So only sub-zero mountain ranges?  And the organisms that can cope with extreme environments are not important to us?  And if the decay is slower, it means a lower amount of toxins whill be reduced but for much, much longer.

This is a bit like your idea of painting all roads white - you haven't really thought it through yet you are convinced that you are right.

Far better would be to reduce the amount of waste we produce in the first place, recycle what we can and extract energy from what we have to send to landfill.

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lyner

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« Reply #30 on: 03/03/2009 23:24:12 »

I have never ever recycled,knowing this is a totally pointless exercise, any effort by me is insignificant in the larger schemes of things.

Somehow, that doesn't surprise me.

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Offline Karsten

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How can we run out of landfill space?
« Reply #31 on: 03/03/2009 23:38:33 »
Far better would be to reduce the amount of waste we produce in the first place, recycle what we can and extract energy from what we have to send to landfill.

That is exactly it: What really matters is not wasting resources and materials. And by all means recycle glass and aluminum/aluminium. This is where it makes a lot of sense from an energy point of view. I really wish people would throw out less. In the USA most people think that recycling solves all problems. It makes the consumption of over-packaged products easier. People tend to forget that it takes energy and resources to recycle. Often more than you gain or save. With the exception of glass and aluminum.

But, extracting energy from waste (by burning it I assume)? Does not sound healthy.
« Last Edit: 03/03/2009 23:41:16 by Karsten »
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Offline Damo the Optics Monkey

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« Reply #32 on: 04/03/2009 07:55:20 »
some objects can be creatively reused.  I am make a spectroscope from an old CD and other materials
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Offline Mazurka

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« Reply #33 on: 04/03/2009 10:56:37 »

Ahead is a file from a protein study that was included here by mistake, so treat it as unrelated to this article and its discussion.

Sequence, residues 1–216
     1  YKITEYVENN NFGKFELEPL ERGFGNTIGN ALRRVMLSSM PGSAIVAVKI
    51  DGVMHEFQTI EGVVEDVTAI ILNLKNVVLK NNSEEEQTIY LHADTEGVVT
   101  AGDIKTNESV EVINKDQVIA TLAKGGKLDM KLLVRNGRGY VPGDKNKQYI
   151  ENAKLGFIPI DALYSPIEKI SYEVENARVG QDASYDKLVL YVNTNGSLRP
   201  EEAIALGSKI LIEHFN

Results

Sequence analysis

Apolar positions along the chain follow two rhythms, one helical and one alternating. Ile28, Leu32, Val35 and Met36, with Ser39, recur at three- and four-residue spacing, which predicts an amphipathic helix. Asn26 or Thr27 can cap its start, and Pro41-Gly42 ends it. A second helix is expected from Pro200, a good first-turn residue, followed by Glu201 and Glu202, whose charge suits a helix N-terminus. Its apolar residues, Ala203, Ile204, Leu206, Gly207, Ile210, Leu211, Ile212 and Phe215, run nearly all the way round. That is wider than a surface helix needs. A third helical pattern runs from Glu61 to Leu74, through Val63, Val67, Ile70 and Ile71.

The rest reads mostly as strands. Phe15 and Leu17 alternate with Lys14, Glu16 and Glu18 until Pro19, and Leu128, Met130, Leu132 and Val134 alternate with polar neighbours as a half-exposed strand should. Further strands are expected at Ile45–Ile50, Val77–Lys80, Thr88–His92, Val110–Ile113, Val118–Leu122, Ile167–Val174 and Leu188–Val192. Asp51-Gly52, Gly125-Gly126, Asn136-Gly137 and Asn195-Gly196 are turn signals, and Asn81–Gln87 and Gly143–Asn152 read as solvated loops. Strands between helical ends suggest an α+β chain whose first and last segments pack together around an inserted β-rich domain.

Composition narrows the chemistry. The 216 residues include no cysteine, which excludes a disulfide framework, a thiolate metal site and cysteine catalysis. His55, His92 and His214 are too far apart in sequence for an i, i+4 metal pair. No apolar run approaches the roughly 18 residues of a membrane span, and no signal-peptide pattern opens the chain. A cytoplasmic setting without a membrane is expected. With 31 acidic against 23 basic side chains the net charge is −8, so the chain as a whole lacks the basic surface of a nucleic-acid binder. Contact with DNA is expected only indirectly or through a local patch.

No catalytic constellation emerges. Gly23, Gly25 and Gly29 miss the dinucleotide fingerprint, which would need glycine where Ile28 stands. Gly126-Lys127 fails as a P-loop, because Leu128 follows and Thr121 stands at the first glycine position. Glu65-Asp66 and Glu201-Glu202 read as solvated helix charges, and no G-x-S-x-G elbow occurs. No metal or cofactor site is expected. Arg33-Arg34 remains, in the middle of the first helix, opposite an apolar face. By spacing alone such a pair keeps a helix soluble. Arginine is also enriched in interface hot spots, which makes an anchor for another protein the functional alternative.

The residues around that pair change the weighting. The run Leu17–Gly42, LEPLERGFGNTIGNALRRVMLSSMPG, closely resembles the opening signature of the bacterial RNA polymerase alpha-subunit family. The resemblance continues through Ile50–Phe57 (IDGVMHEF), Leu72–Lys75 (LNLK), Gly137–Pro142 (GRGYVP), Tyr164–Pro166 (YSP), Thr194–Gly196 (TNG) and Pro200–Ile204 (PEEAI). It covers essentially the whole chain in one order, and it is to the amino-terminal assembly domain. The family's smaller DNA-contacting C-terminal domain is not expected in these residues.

The Waste Hierarchy (that technically is the basis of UK policy)is
Reduce
Reuse 
Recycle
Disposal (whether incineration or landfill)

Whilst I disagree that recycling etc is pointless although agree it is not the panacea to waste probelms - the best way to not have waste in a landfill rot is not low temperature - as the bugs that break down the waste generate considerable heat - it is to keep the waste dry.

 

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Offline NobodySavedMe

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« Reply #34 on: 04/03/2009 22:33:31 »
Far better would be to reduce the amount of waste we produce in the first place, recycle what we can and extract energy from what we have to send to landfill.

That is exactly it: What really matters is not wasting resources and materials. And by all means recycle glass and aluminum/aluminium. This is where it makes a lot of sense from an energy point of view. I really wish people would throw out less. In the USA most people think that recycling solves all problems. It makes the consumption of over-packaged products easier. People tend to forget that it takes energy and resources to recycle. Often more than you gain or save. With the exception of glass and aluminum.

But, extracting energy from waste (by burning it I assume)? Does not sound healthy.

The planet's  size/volume compared to the amount of waste produced is huge.

The concerns expressed are of a a leisurely disposition

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Offline Karsten

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« Reply #35 on: 05/03/2009 00:59:01 »
Far better would be to reduce the amount of waste we produce in the first place, recycle what we can and extract energy from what we have to send to landfill.

That is exactly it: What really matters is not wasting resources and materials. And by all means recycle glass and aluminum/aluminium. This is where it makes a lot of sense from an energy point of view. I really wish people would throw out less. In the USA most people think that recycling solves all problems. It makes the consumption of over-packaged products easier. People tend to forget that it takes energy and resources to recycle. Often more than you gain or save. With the exception of glass and aluminum.